China rocket: Expert discusses rocket booster 'heading for Earth'
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A rocket carrying three taikonauts into orbit to finish building China’s Tiangong space station successfully blasted off from the Gobi Desert this afternoon. Launched using a Long March-2F carrier rocket — China’s standard for crewed mission — the Shenzhou-15 mission took off from the Jiuquan Satellite Launch Center at 3.08pm GMT. China Manned Space Agency spokesperson Ji Qiming said that the mission, which will last six months, will be the last “in the construction phase of China’s space station”.
Commanding the mission is Fei Junlong, 57 — a veteran of the four-day Shenzhou-6 mission back in 2005, which was the second time China sent a taikonaut into space. He has been joined on the latest mission by first-time spacefarers Deng Qingming and Zhang Lu.
On arrival at the Tiangong, the trio will overlap with their predecessors — Cheng Dong, Liu Yang and Cai Xuzhe — of the Shenzhou-14 mission, who arrived on the space station back in June for a six-month stay.
Last month, meanwhile, saw Tiangong’s third and final main module, “Mengtian” launched into orbit and attached to the station. Compared with the core module, Tianhe, and the other experimental module, Wentian, Mengtian can support more research endeavours.
Among the module’s scientific equipment are three state-of-the-art atomic clocks, an ultra-cold atoms facility that can cool atoms to a record breaking less than a billionth of a degree above absolute zero (-459.67F/-273.15C) and a high-temperature facility that can test materials at temperatures of up to 2,912F (1,600C).
When the Shenzhou-15 craft docks with the Tianhe module, the Tiangong station will reach its present maximum capacity, Mr Ji said — with three modules and three spaceships. In the future, however, the station is expected to acquire three more modules.
Next year will also see the launch of the Xuntian space telescope, which will orbit in sequence with the space station and periodically dock for maintenance.
Tiangong will also be at maximum occupant capacity for about a week before the Shenzhou-14 taikonauts return back to the Earth. The crew are expected to land in Inner Mongolia, China.
Tiangong is relatively slight compared to the International Space Station — with its three main modules weighing in at only 66 tons, compared to the 465 tons of its counterpart, whose first module was launched into orbit back in 1998.
With an expected lifespan of some 10–15 years, Tiangoing will likely outlive the International Space Station, which is currently looking at being decommissioned in 2031. China has been excluded from this international effort because of US national security concerns.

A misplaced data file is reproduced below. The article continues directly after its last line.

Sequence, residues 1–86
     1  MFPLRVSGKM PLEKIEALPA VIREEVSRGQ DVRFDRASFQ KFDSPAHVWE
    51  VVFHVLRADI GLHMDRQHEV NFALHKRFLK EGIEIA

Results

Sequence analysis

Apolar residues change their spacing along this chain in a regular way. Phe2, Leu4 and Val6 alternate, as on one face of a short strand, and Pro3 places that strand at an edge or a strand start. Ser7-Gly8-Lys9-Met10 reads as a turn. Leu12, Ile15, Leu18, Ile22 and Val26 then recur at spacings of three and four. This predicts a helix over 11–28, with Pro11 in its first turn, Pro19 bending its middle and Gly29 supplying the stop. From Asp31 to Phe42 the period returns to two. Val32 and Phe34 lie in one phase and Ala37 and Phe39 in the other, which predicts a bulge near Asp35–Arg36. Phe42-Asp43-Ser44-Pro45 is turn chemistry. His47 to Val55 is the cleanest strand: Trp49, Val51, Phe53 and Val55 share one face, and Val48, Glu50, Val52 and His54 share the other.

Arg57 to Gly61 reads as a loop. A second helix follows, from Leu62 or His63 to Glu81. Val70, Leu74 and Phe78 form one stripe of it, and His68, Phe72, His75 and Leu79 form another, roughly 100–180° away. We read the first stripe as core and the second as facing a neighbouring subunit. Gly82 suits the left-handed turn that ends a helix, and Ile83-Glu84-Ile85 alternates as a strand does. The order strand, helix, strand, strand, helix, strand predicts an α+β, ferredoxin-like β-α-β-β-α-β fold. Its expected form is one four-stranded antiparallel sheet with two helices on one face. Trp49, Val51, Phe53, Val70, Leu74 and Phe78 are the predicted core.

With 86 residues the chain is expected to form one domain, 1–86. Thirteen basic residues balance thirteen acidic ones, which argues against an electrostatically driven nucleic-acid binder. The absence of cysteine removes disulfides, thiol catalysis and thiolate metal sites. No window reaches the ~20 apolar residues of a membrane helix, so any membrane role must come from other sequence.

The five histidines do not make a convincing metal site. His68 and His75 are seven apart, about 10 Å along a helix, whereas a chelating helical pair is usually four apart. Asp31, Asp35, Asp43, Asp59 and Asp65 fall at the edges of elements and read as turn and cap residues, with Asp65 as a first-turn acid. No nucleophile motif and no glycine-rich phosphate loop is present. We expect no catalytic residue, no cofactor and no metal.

Before the 2030s, it is expected that NASA will have already established the Lunar Gateway in orbit around the Moon, to serve as a staging area for missions down the lunar surface.
Via the Artemis programme, NASA plans to return humans to the Moon’s surface as early as 2025. The China Manned Space Agency also has designs on a crewed mission to the Moon, likely by the end of the decade.
China has had recent successes in uncrewed lunar missions — including the Yutu 2 rover, the first to be deployed onto the far side of the Moon, and the Chang’e 5 probe, which is the first to have returned geological samples from the lunar surface to Earth since the seventies.
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The China Manned Space Agency is also planning to dispatch probes to Mars and Jupiter by 2030 — with the former mission to bring back samples for analysis.
The agency has come under fire in recent weeks following the uncontrolled reentry of a Long March 5B rocket booster that was used to help launch the Mengtian module into orbit. While the booster ultimately landed safely in the Pacific Ocean, China’s blasé attitude to its launch debris attracted the scorn of other space powers.
NASA Administrator Bill Nelson, for example, said: “Once again, the People’s Republic of China is taking unnecessary risks with the uncontrolled rocket stage reentry of their Long March 5B rocket stage. They did not share specific trajectory information which is needed to predict landing zones and reduce risk.”
This, he added, was China’s “fourth uncontrolled reentry since May 2020, and each of these reentries have been the largest in the last 30 years.
“It is critical that all spacefaring nations are responsible and transparent in their space activities and follow established best practices, especially for the uncontrolled reentry of a large rocket body debris — debris that could very well result in major damage or loss of life.”
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